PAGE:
• Preconception counseling: Preconception counseling can evaluate, test for, diagnose, and determine any problems that may be a setback to a full, healthy and safe pregnancy for both mother and child. Your preconception counseling session with us will delve into a much more thorough list of steps you can take to make your future pregnancy as safe, smooth and healthy as possible. Ideally, it is best to book an appointment with us to discuss your plans approximately three months before you wish to conceive. At Cherokee Women’s Health Specialists, we are committed to giving you the best possible preconception care available to women today in order to ensure the optimum health of both you and the baby you are planning to have.

These are only several of the many things you can do before you decide to get pregnant. Our comprehensive staff includes Female Pelvic Medicine and Reconstructive Surgeons (FPMRS), urologists, nutritionists, OB-GYNs, physical therapists and midwives. Their combined decades of experience and expertise can guide you through the preconception process, pinpointing any problems that may inhibit or be detrimental to your pregnancy. They can correct any physical abnormalities that may be hindering the process as well. Your reproductive health and the wellness of your future baby is our primary concern. No question is too trivial or embarrassing, and you will be treated with the utmost respect and confidentiality.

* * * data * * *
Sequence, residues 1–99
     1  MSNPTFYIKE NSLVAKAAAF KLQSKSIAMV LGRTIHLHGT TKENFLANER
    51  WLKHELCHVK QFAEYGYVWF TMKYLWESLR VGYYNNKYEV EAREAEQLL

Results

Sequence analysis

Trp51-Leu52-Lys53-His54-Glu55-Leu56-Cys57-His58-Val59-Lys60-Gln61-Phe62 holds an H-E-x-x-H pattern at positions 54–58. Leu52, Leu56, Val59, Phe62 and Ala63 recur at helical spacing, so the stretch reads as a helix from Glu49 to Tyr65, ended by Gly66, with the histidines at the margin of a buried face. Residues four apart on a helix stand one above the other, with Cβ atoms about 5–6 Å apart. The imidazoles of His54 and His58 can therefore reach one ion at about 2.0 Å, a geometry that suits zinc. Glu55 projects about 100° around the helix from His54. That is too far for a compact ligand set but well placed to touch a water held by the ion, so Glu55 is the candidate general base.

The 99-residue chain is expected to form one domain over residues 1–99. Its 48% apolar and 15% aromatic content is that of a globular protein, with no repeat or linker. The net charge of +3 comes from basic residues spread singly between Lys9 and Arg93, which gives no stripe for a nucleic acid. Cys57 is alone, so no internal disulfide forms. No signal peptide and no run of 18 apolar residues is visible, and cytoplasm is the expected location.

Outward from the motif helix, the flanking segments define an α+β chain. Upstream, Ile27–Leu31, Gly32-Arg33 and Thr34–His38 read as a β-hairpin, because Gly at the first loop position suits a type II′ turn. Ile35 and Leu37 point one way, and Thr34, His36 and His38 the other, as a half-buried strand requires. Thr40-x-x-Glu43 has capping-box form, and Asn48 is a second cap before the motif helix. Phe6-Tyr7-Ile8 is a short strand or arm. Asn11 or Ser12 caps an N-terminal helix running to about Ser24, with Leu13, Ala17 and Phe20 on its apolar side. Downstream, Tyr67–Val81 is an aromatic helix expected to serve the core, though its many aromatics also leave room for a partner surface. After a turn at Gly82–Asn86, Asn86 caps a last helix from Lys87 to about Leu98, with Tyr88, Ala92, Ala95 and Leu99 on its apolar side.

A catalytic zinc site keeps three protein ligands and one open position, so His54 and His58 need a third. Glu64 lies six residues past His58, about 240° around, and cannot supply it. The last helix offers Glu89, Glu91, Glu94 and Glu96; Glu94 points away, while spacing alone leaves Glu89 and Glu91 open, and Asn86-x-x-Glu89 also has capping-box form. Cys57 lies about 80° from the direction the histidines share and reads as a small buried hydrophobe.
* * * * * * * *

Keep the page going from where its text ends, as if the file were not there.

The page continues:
To book an appointment, please call our clinic at 770.720.7733.

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“Dr. Litrel was a fantastic doctor. I had my first exam with him, although at first I was skeptical about a male doctor for my GYN. But after I met him I’m glad I kept an open mind, and I couldn’t have dreamed up a better doctor. He cares about you as a person and not just a patient. The front desk ladies and nurses were very friendly and it’s a great office, very clean and not intimidating. I highly recommend Cherokee Women’s Health.”